Chrysler Outboard Motors ⇒ Force Outboards

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The Evolution & Demise of Chrysler & Force Outboards
Kissel ⇒ West Bend ⇒ Chrysler ⇒ Force (Bayliner ⇒ Brunswick / Mercury)

Two brothers, George and William Kissel founded the Kissel Motor Car company in 1908. The plant was located in Hartford, Wisconsin. Like so many other companies of the period, they fell on hard times in the late 20’s. In 1929 they filed for bankruptcy and lost the company in 1931. In 1934 the brothers regained control of the plant and founded Kissel Industries. They started manufacturing candy vending machines among other ventures.

WaterWitch

Sears sold outboard motors manufactured by several different manufacturers under their brand name “Water Witch” (two words) which later became “Waterwitch” (one word). See our Waterwitch page for more details. In late 1936, Kissel Industries won the exclusive contract with Sears and Roebucks Company to build outboard motors. George Kissel and Herman Palmer would design the new outboard. They had been the chief engine designers at the old motor car company. The new outboards would be called Waterwitch (one word). Kissel Industries never marketed outboards under Kissel or any other name. For more information about these engines, go to a really beautiful website dedicated to the Waterwitch Outboards built by the Kissel Motor Company in Hartford, Wisconsin from 1936~1944. Note that during the War Years 1941~1945, the only outboard production was for government agencies.

In 1944 Kissel Industries was purchased by West Bend Aluminum Company along with the Sears and Roebucks contract to make outboards. The relationship continued with Sears and Roebucks through this transition. This brought an end to the Waterwitch brand of outboard motors in 1945. In 1946 West Bend Outboard manufactured their first motor for Sears. It was in this year that Sears and Roebucks changed their outboard motor brand name to “Elgin”. West Bend had a non-compete clause with Sears for the USA that ran through 1955. Starting in 1956 some outboards appeared wearing the West Bend name.

More from OddJobsOutboats.com & FiberGlassics.com.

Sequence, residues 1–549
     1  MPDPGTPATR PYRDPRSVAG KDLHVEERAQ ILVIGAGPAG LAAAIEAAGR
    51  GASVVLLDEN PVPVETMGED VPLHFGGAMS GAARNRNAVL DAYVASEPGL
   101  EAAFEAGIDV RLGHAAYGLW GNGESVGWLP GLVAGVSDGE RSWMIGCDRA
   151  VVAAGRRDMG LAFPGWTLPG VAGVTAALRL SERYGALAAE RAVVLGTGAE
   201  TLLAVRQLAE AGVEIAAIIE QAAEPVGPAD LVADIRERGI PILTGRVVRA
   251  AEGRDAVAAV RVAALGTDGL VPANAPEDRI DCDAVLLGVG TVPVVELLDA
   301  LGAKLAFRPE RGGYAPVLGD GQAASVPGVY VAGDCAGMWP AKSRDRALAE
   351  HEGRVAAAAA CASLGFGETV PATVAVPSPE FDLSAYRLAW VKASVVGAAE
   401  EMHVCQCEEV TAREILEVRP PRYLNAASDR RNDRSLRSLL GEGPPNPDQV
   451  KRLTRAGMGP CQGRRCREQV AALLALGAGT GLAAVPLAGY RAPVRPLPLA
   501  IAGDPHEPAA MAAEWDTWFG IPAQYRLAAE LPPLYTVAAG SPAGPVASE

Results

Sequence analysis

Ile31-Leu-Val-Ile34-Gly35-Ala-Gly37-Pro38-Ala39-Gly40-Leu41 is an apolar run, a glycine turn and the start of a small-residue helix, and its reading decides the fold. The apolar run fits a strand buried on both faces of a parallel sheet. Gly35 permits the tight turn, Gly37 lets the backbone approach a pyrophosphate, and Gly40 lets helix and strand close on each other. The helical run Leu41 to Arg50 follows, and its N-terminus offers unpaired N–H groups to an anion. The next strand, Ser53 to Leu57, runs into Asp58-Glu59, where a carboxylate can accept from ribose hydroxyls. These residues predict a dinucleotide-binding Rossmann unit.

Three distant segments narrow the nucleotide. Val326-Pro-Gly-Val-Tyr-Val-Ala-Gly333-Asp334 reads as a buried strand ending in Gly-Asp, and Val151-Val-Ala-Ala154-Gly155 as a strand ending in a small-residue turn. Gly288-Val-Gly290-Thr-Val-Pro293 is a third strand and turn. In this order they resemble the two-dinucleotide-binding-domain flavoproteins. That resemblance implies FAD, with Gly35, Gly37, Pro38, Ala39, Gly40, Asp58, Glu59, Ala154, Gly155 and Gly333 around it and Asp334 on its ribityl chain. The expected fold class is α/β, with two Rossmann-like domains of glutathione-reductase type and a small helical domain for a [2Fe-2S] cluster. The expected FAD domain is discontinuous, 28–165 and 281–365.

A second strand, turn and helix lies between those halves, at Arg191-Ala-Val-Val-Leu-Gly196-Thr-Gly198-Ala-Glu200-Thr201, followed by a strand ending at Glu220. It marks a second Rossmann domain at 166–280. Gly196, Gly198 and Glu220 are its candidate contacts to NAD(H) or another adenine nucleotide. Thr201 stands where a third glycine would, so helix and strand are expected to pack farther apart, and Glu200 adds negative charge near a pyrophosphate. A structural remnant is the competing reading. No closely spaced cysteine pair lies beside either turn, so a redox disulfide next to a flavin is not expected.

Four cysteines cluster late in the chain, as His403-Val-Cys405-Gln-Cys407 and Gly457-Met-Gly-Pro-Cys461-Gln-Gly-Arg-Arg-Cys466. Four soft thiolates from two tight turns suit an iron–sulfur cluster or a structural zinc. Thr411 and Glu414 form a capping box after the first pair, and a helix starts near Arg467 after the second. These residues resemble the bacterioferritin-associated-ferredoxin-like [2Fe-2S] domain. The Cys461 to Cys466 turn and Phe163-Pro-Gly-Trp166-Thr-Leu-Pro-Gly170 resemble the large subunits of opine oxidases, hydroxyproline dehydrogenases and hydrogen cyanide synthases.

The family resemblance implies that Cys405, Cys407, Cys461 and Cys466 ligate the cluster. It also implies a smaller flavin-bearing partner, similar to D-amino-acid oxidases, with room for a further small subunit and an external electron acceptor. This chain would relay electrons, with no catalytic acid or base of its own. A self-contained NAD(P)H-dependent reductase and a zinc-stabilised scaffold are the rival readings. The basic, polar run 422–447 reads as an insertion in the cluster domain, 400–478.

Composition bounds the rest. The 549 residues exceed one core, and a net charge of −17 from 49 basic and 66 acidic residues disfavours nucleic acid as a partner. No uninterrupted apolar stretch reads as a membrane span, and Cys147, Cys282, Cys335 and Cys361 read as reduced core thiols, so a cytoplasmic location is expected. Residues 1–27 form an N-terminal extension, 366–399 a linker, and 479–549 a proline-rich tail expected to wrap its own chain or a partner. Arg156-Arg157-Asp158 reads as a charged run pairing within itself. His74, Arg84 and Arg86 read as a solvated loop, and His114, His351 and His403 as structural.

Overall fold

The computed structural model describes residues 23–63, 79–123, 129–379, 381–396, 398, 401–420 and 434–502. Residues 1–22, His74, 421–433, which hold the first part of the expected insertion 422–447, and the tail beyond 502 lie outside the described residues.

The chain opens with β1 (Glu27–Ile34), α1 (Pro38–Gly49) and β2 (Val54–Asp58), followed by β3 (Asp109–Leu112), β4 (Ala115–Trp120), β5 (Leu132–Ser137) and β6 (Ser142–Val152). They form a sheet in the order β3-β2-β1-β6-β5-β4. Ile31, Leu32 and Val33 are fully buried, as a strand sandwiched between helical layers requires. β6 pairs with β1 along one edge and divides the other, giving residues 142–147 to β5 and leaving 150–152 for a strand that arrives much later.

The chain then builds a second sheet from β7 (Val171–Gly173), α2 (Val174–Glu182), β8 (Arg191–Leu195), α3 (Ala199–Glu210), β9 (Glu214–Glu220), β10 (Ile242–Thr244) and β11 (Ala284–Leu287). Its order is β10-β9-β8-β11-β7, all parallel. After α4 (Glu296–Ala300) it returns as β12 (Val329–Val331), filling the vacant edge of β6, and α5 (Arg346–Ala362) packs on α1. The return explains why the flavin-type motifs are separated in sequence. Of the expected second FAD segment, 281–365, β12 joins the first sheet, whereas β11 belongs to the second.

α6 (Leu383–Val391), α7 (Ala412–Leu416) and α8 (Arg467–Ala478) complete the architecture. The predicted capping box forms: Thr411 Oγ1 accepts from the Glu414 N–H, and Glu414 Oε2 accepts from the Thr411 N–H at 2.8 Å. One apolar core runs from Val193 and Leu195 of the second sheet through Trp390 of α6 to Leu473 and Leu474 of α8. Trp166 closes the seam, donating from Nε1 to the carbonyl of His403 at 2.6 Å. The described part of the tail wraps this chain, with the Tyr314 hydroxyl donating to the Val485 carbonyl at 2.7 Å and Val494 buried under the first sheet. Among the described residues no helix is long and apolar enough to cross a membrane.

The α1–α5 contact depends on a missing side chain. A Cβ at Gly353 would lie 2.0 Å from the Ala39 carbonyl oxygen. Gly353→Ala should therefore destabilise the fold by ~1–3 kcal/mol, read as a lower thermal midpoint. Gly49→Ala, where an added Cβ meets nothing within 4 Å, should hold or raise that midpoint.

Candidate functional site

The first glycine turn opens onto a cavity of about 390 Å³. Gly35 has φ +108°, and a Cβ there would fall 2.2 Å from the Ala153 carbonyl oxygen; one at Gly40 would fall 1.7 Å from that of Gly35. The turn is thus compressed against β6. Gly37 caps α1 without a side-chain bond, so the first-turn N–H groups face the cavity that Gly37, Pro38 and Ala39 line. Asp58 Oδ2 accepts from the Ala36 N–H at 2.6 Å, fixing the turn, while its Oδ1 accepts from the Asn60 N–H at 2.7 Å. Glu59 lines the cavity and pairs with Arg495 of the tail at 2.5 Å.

1959 West Bend 16 hp Ad

1959 West Bend 16 hp Ad

West Bend continued to add to their product line. This caught the eye of the Chrysler Corporation. In 1965, the Chrysler Corporation purchased West Bend’s outboard motor business. Chrysler acquired the 413,000 square foot facility in Hartford, Wisconsin which employed 500 people. The business was added to Chrysler’s Marine and Industrial Engine division which already included a Marysville, Michigan plant for producing inboard marine engines

From Jan. 8, 1965, Wall Street Journal.

In 1965, the Chrysler Corporation also purchased Lone Star Boats of Plano, Texas. Chrysler pioneered the concept of marketing boats and outboard motors together as a turn-key package.

More at our Chrysler Marine webpage.

1969

The 1980’s government bailout forced Chrysler’s parent corporation to sell off their non-core businesses, so in 1983, Chrysler Corporation sold the profitable outboard division to Bayliner’s US Marine who changed the brand name to Force Outboards. Bayliner sold many Force engines mated to their boats as turn-key packages with matching trailers.

Baylinder with White Force_In 1986, Bayliner and its US Marine division, which included Force, were acquired by the Brunswick Corporation, owners of Mercury Outboards who were then tasked with supporting the Force product line. Shortly thereafter, the engine color scheme was changed from white to ‘bowling ball’ charcoal black like Mercury Outboards’ white color scheme had changed to Phantom Black years earlier. Brunswick continued to market many of the smaller Bayliner outboard models with Force outboards as turn-key packages.